Bears have the perfect opportunity to break the market here and if they fail, look for higher prices. AAPL is going the wrong way as buyers fail to show up and prop the stock up.
Stocks opened weak after Friday’s big bounce, giving back all of those gains. Early weakness is not a surprise since many people still doubt the sustainability of these record highs. What is important is how the market responds to this dip. Finding support and bouncing back in afternoon or Tuesday’s trade will signal a continuation. This selloff is the perfect slow-ball pitch for bears and if they can’t this this one out of the park, look for the rally to continue, but if selling accelerates, this is the start of a pullback and look for a retest of 1470
More often than not, these rallies surge into their top and we have not see that type of nonstop buying yet. (see Saturday’s weekly review post for more on this) Often the final stages of a rally are volatile and the market frequently bounces back from what most assume is the expected breakdown. In situations like this, the best trade is buying weakness and selling strength, not jumping on the breakout/breakdown.
No one believes in this rally. Even the most bullish expect a near-term pullback to digest recent gains, but markets are a function of supply and demand so we need to understand how these expectations affect the way people are positioned.
Chasing pushed this market to new highs, but these same holders are also very skittish and everyone is rushing for the exits on any weakness. These mad dashes of selling are what refreshes a rally, clearing the way for new buying.
Today’s dip under 1500 is the selloff everyone’s been waiting for and they are selling into it, but the easy trade is rarely the right trade. Once all the nervous are out and the aggressive short, selling will abate and that lack of further supply will send the market higher. We need to fear markets where longs stubbornly hold on, not rush for the exit.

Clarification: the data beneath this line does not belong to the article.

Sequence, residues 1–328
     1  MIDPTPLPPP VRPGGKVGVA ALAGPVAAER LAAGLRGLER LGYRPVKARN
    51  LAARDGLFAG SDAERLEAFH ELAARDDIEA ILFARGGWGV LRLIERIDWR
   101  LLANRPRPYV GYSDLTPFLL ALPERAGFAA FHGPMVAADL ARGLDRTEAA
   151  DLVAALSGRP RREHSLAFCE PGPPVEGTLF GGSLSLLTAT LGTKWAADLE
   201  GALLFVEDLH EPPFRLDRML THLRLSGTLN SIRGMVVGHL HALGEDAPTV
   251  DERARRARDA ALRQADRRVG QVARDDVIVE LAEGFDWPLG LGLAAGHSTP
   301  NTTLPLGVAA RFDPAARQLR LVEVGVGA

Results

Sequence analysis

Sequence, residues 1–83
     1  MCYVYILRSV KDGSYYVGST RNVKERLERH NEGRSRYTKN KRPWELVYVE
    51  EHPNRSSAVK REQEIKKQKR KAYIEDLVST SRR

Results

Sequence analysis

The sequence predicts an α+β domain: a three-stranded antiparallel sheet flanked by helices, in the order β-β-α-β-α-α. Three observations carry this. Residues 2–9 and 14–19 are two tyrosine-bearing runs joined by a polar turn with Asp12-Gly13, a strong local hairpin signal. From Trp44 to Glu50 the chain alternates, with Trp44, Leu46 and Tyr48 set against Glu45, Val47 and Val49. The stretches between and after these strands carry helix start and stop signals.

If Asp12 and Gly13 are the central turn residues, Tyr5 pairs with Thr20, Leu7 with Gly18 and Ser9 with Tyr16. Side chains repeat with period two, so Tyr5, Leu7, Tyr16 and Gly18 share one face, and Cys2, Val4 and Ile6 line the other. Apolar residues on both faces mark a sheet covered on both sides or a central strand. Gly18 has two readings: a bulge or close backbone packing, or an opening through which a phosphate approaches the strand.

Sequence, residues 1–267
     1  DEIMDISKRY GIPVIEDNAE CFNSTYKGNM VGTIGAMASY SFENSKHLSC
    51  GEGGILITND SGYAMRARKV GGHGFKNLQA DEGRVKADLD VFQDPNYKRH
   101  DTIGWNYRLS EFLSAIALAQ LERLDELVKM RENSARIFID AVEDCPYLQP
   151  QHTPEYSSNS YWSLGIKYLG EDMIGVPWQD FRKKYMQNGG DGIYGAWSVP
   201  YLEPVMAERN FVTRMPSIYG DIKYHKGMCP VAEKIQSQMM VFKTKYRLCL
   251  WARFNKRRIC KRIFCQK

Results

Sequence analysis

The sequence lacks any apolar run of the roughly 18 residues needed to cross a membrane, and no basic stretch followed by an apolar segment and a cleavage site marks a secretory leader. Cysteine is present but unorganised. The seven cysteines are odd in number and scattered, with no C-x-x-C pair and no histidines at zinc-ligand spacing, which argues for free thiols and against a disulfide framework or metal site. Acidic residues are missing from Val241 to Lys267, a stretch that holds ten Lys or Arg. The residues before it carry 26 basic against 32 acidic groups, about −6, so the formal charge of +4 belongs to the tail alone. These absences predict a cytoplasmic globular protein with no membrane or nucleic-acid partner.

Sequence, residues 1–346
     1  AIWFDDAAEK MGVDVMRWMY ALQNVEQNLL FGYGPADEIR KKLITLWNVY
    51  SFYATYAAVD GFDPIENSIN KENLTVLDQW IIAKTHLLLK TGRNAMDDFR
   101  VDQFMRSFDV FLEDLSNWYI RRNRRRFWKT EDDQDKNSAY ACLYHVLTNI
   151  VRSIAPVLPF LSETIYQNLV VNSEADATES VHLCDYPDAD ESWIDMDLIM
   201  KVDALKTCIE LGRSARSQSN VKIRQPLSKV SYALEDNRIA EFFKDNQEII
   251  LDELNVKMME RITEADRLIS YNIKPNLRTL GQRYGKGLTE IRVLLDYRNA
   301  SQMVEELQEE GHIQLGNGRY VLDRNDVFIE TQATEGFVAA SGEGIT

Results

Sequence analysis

If tops were easy to spot, every trader would be fabulously rich. Following this logic, if most people get tops wrong, then we should be extremely suspicious when everyone, including bulls, are expecting a top.
To get ahead of this market we need to be proactive instead of reactive. Sell strength and buy weakness. Sell when you don’t want to sell and buy when you don’t want to buy. As we are seeing today, Friday’s breakout was a great time to sell and it seems today’s weakness is an interesting time to consider buying. We don’t need to rush in and buy on the way down, but look for convincing support over the next couple days that shows the selling has exhausted itself. We are entering a more volatile period of the market cycle, but the trend is still intact. And most importantly, don’t lets these intraday swings make you buy high and sell low.
Sometimes the crowd gets it right, especially when it comes to lack of demand. If buyers fail to show up, prices will decline and that weakness could trigger a follow-on wave of stop-loss selling. As I write these words, the market is breaking through 1500 and no doubt triggering some stop-loss selling with even more stops lined up under the recent lows of 1496. The market can peak and rollover at any time, but more often than not it surges before rolling over and weekly charts show this market is not at that point yet.
There is no reason to trade the last stages of a move since it is often more volatile and harder to get right. For many traders the smart move is taking their profits and waiting for the next high probability trade. But for the aggressive, this recent weakness is interesting buying opportunity and I sure as heck wouldn’t be piling on the short bandwagon here.
AAPL failed to hold $450 and is testing $440. Dipping under $435 and making a new low is clearly in the cards. If anyone watching AAPL from the outside isn’t convinced of the value at $460, then it is highly unlikely they will come to the rescue at $425. The question AAPL bulls need to answer is who is going to buy the stock and push prices higher? The stock’s inability to bounce back from the post-earnings gap shows everyone who believes in this story already own all the AAPL they can hold. Without new buyers, this thing will continue floundering.
Jani Ziedins (pronounced Ya-nee) is a full-time investor and writer who has successfully traded stocks and options for more than a decade. He earned a B.S. in Mechanical Engineering from the Colorado School of Mines and an MBA and M.S. Marketing from the University of Colorado Denver. His prior professional experience includes manufacturing engineering at Fortune 500 companies, structural engineering, small business consultant, collegiate instructor, and managing investment real estate. He is now fortunate enough to trade full-time from home, affording him the luxury of spending extra time with his wife and two young children.